Despite the lack of take-off in the EV market, there are still plenty of new players trying to get into the lithium-ion battery market with new chemistries. But potential customers will only take these newcomers seriously if they can readily supply working cells and batteries for evaluation.
According to Giuseppe Bernini of Solith, a new player can get a pilot line capable of making sufficient cell stacks in a year for the most discerning customers and for less than €1m ($1.4m)— and in the smallest of dry rooms.
Solith is a division of Sovema— the European turnkey suppliers of lead-acid battery production lines, but it clearly has an eye on the future.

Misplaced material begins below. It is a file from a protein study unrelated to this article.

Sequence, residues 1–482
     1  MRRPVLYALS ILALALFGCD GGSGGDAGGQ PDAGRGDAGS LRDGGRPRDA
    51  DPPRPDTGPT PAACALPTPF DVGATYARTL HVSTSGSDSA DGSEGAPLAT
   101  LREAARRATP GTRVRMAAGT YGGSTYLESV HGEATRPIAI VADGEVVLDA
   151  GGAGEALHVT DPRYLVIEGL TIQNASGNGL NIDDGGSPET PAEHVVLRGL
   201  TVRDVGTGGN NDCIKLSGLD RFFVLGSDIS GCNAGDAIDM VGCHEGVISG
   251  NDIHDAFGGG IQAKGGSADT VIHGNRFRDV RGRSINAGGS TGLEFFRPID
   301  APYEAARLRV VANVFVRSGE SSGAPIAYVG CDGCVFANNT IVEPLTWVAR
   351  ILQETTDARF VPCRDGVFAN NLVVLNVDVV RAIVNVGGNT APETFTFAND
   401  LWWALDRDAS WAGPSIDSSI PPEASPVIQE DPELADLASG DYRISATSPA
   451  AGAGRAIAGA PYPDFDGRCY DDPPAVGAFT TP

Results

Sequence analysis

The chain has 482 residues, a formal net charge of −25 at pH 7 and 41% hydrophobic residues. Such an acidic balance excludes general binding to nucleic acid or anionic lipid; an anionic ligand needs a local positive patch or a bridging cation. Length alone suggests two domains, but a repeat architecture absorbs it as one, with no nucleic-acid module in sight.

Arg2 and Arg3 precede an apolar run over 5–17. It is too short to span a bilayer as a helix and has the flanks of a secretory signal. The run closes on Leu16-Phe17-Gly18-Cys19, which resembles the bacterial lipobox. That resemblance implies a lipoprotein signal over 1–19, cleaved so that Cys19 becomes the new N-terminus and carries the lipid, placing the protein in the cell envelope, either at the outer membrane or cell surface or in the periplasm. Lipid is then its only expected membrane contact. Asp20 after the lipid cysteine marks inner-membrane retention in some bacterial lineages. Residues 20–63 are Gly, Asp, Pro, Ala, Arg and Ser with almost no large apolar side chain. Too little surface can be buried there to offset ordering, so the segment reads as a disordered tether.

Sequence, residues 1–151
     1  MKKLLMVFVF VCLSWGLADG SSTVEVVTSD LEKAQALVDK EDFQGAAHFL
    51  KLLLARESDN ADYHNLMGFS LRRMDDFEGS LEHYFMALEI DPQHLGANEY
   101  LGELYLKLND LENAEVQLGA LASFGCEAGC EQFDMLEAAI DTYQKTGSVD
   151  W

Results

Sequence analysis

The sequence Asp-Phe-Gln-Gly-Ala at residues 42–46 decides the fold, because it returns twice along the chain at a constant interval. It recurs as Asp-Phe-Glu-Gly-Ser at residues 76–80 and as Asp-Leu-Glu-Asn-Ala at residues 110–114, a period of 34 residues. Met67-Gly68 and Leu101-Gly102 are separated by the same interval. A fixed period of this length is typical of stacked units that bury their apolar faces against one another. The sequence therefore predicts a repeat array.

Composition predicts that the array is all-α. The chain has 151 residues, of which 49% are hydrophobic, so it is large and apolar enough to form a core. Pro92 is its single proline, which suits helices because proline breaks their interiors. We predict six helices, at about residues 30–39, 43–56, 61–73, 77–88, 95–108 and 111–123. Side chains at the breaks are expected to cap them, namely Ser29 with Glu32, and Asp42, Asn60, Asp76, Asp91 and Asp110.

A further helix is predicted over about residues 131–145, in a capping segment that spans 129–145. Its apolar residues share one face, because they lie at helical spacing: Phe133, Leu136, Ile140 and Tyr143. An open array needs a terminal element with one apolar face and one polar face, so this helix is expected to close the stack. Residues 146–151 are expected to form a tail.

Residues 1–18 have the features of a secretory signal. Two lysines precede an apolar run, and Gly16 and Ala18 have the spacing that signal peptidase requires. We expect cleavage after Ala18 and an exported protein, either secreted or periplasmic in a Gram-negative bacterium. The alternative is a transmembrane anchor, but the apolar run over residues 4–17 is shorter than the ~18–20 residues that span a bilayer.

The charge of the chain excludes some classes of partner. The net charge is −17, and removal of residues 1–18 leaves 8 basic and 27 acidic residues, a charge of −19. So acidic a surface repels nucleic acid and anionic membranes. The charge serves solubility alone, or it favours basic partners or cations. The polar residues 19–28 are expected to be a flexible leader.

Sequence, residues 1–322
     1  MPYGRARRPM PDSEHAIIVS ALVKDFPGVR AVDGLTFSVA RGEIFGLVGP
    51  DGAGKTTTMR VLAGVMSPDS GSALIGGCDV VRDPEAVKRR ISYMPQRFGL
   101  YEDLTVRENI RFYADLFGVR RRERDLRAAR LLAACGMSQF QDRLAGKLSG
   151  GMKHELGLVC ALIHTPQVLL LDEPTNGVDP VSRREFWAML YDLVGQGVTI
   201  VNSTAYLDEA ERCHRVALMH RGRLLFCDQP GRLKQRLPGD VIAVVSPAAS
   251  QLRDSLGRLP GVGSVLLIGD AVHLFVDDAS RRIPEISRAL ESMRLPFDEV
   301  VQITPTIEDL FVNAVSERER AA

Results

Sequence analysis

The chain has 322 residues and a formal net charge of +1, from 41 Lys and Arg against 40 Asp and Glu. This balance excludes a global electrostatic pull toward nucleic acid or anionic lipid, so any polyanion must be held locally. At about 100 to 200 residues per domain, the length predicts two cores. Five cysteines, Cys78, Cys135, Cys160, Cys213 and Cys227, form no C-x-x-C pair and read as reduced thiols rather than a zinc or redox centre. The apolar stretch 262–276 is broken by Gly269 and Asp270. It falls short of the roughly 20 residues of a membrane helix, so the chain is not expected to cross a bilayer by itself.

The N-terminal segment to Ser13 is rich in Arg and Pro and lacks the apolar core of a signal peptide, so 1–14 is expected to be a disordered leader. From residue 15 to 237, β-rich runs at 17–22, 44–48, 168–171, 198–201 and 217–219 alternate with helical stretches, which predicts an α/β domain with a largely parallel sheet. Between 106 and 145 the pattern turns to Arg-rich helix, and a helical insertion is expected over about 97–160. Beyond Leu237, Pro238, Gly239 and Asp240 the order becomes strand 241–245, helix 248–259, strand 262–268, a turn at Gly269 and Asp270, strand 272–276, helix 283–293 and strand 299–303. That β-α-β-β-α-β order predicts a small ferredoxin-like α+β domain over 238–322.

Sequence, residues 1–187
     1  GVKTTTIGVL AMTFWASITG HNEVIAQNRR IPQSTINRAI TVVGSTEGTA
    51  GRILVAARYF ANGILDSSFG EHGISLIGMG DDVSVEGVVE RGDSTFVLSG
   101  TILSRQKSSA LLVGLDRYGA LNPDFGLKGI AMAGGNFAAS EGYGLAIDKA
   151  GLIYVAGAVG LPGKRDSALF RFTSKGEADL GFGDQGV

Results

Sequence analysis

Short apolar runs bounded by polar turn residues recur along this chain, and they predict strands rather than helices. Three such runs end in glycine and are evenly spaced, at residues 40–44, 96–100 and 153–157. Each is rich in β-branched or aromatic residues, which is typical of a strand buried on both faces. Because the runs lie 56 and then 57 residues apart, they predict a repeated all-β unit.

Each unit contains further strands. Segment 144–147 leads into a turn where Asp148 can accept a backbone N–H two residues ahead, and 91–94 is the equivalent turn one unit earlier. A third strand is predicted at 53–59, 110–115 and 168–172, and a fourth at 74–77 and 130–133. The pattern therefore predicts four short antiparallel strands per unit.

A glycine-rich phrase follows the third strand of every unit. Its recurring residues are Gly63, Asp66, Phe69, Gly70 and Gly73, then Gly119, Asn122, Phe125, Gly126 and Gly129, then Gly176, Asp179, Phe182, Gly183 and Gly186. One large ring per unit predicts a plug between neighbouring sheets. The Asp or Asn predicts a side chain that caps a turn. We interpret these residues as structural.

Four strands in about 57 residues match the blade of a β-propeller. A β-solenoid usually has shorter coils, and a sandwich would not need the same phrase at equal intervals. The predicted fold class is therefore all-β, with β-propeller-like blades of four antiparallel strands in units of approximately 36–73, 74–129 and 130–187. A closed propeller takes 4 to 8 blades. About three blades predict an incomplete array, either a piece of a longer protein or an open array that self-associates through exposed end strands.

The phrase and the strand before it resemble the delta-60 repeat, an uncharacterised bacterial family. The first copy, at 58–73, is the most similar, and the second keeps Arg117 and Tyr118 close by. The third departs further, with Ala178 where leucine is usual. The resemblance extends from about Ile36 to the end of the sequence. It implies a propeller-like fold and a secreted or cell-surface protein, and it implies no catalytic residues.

Solith’s pilot line is focused on making pouch cell designs— anything from large format for EV and large-scale storage down to the tablet size devices.
The line consists of an electrode punching machine— you’ll need to get your electrode foils made somewhere else—a stacking machine for precise line up of the cell components, a blister forming machine to create the pouch package, a trimming and tab welding machine to join the cells together, an electrolyte filling system and finally a sealing machine.
Unsurprisingly, Sovema takes the know-how it has from owning formation specialist Bitrode to produce the most cost effective formation system, which is 92% efficient and bi-directional— so when testing cells, you can feed power back to the grid.
The system goes even further than one might reasonably expect from a pilot line — there’s an ageing module to ensure cells assembled for packs are properly matched.
The company claims the systems is easy to operate and each workstation is wheeled, so they could easily be moved around the smallest of dry rooms.
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